A report published this month by the Association of American Medical Colleges and the School of Medicine at the University of California, San Francisco, examines barriers that medical students with disabilities confront and offers some ways to improve access to medical education and the profession itself.
The report outlined a range of obstacles that students with disabilities typically encounter while studying medicine. These hurdles included a lack of clear policies and procedures, uninformed disability service providers, irrelevant or nonexistent technical standards, and a lack of access to health care and wellness support.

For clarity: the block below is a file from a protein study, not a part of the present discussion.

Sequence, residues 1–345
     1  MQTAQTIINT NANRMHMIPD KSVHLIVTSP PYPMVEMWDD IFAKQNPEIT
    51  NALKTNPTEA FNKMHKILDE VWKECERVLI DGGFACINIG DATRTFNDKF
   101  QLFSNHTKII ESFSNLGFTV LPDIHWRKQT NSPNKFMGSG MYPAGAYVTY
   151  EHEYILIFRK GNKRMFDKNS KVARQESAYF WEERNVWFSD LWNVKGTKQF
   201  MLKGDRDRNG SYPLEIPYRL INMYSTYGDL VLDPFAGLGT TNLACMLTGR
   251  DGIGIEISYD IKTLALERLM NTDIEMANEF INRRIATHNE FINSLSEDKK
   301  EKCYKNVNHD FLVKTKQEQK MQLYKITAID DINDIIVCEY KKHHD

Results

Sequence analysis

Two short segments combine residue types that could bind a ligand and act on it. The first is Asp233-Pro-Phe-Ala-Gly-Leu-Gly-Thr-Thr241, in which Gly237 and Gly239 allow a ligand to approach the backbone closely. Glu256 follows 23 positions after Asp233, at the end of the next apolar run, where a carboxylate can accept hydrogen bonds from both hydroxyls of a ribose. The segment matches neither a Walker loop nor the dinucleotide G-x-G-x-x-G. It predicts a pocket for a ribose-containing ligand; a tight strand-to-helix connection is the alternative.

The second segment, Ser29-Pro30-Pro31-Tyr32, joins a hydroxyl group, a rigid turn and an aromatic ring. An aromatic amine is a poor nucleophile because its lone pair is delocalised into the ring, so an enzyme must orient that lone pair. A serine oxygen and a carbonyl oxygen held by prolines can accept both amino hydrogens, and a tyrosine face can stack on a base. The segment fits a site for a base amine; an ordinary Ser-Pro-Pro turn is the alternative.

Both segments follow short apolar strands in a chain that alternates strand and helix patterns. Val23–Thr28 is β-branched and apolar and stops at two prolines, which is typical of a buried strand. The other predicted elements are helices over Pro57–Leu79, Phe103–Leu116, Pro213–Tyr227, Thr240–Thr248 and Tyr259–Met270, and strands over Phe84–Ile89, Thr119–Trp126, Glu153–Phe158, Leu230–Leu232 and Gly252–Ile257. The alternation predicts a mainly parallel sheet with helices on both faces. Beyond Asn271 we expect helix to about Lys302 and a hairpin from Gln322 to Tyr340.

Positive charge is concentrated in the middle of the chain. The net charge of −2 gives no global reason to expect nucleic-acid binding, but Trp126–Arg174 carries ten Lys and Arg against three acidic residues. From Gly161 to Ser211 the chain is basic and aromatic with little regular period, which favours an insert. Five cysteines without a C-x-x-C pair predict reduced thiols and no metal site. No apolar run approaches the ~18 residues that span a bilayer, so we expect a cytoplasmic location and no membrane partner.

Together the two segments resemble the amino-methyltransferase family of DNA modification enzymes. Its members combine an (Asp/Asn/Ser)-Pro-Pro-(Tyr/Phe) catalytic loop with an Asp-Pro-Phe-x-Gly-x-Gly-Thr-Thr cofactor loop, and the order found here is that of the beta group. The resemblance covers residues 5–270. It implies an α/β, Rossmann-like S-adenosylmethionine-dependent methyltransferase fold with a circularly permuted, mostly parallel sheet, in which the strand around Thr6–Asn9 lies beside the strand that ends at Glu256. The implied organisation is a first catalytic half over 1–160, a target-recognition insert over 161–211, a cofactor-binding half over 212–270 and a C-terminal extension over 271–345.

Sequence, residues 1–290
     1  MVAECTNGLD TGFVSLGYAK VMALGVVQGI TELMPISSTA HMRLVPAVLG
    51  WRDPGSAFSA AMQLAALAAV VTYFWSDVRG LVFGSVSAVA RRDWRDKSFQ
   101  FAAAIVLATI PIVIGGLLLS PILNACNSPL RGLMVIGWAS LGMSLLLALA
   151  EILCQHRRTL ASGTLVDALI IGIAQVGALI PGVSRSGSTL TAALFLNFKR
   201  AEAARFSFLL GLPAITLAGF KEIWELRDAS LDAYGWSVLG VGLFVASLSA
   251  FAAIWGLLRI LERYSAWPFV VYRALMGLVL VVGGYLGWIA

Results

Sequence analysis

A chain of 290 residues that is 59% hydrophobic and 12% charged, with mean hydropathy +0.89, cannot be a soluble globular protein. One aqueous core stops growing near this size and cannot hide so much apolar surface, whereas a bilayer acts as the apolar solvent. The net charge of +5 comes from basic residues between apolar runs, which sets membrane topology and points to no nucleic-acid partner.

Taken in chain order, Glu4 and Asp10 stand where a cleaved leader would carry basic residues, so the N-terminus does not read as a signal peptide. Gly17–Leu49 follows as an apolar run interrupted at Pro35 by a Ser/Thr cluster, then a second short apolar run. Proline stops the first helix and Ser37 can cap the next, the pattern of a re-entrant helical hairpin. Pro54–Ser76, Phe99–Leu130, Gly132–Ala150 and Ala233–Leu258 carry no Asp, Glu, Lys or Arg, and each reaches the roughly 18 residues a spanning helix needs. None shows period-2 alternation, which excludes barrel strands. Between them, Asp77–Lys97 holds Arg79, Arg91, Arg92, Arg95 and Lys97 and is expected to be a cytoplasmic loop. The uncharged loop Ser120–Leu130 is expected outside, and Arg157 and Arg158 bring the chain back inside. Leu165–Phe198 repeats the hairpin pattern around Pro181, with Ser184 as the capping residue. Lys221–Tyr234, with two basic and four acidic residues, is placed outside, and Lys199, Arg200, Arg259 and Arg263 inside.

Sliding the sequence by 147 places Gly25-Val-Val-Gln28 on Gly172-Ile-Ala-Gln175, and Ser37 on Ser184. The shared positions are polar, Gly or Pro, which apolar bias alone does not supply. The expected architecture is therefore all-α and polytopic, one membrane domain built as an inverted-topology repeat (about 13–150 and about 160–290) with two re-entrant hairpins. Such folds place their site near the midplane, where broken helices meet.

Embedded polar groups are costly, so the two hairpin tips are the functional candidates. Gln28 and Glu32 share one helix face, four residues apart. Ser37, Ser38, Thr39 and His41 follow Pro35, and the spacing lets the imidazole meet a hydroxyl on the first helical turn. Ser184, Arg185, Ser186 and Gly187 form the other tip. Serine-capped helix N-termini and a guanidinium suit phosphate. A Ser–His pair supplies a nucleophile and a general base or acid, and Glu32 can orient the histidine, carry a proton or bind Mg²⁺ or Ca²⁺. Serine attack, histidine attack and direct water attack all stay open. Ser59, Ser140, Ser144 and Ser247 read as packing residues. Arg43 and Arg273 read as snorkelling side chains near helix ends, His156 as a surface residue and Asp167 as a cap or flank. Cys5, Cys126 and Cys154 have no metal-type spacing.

The report suggested several ways to improve inclusion for students with disabilities. Researchers suggested that administrators and educators designate resources for disability service providers who are knowledgeable about medical education, publicize accessible policies and processes, provide access to relevant accommodations, revise technical standards in light of current practices, and normalize and facilitate access to mental health and wellness services.
To improve the culture for medical students with disabilities, who are often viewed negatively among their peers, the report offers various recommendations: regularly revising institutional policies, training staff and faculty, implementing respectful language into curricula and pedagogy, including disability in diversity-based initiatives, increasing access to information about disability services, and reviewing recruitment and hiring practices.